Tuesday, January 4, 2011

End the Fed?

With Republicans in control of the House of Representatives, Ron Paul plans to conduct oversight hearings of the Federal Reserve Board.  His views on the fed are well know given his book titled “End the Fed.”  Paul and other Members of Congress blame the fed for the financial crisis of 2007-09 and the steady depreciation of the dollar since its fixed-price link to gold was broken during the Nixon administration.

Paul’s interrogation of fed chairman Bernanke will make for interesting theater but likely have little practical effect on the fed’s conduct of monetary policy.  A more important trend that is slowly developing could render the fed a second-team player over the next few decades.

I previously blogged that China has offered to buy Greek, Irish, and Portuguese debt.  On Monday, January 3, 2011, it restated its commitment to buy Spanish debt.

It’s only a matter of time until China makes a similar offer to Italy.  At that point, China will have picked off the “Club Med” countries on the periphery of the eurozone.  All five countries will increasingly conduct trade and financial swaps with China in renminbi.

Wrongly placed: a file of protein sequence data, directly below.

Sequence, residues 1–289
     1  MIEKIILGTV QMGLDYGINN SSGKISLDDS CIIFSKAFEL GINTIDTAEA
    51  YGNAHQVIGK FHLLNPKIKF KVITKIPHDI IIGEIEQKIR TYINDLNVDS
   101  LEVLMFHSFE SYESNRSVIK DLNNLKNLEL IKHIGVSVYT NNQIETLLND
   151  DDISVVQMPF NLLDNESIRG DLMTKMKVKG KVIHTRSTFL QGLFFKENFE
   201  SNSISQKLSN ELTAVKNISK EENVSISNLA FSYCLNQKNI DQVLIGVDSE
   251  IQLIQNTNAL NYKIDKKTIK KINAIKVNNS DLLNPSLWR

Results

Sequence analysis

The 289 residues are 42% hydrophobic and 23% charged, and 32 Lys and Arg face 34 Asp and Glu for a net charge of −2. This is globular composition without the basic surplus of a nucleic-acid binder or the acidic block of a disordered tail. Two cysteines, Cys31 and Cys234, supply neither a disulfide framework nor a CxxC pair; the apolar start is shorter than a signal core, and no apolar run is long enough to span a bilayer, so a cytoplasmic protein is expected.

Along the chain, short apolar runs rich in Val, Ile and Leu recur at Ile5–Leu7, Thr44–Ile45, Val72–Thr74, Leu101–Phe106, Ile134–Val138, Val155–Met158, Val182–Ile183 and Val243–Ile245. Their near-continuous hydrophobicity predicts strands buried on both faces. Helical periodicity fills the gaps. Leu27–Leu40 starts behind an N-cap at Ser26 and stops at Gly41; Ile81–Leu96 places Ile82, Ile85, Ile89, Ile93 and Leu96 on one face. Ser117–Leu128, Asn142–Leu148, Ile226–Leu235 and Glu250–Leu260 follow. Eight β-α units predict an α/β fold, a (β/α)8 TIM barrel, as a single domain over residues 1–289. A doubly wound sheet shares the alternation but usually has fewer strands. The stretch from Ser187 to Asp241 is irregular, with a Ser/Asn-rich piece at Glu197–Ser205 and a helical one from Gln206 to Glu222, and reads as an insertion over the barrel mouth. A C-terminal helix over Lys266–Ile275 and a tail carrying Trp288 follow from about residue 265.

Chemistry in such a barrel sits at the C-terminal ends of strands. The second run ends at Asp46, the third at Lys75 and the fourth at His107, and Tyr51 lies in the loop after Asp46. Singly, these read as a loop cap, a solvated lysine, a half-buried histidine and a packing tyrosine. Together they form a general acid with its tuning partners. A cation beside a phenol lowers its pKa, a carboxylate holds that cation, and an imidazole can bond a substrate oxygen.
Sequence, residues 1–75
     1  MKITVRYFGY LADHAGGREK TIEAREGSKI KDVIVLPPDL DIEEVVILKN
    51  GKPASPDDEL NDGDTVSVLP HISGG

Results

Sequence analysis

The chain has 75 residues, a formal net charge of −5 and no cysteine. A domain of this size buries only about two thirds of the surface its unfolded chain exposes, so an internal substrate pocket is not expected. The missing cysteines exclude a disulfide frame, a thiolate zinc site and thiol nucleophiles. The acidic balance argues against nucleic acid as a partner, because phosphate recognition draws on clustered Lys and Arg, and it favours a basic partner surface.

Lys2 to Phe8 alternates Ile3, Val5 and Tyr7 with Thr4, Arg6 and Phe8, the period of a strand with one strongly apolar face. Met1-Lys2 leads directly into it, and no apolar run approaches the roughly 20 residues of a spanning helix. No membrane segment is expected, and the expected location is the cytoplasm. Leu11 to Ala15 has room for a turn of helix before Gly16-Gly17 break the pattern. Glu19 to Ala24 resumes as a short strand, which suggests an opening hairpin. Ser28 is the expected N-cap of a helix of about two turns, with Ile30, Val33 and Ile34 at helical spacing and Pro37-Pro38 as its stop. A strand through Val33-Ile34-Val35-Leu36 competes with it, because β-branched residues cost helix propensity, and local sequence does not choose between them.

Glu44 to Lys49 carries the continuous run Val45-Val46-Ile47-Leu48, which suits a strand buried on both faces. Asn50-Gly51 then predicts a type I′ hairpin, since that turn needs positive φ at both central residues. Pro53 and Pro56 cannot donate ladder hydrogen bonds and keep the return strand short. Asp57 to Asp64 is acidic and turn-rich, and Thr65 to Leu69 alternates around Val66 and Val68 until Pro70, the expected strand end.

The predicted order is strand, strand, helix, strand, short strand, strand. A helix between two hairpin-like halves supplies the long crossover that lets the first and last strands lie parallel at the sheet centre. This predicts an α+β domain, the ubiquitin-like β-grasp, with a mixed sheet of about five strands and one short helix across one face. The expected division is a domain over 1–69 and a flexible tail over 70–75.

China is rapidly expanding its business and political ties with Africa, Central America, Latin America, Southeast Asia, and Central Asia.  Over time, the renminbi will become the dominant currency in their trade with China, but also serve as a reserve currency for trade among themselves, especially as it is likely to steadily appreciate against the U.S. dollar in the coming years.

China’s currency will become a rival to the dollar much faster than most economists suppose.  Many economist believe the eurozone will break up in the next five years, reducing the use of euros as a reserve and transaction currency.  The pound, yen, Aussie dollar, and other national currencies will become relatively smaller in global affairs relative to the renminbi.

Who knows?  Maybe someday China will complain about the undervalued dollar?

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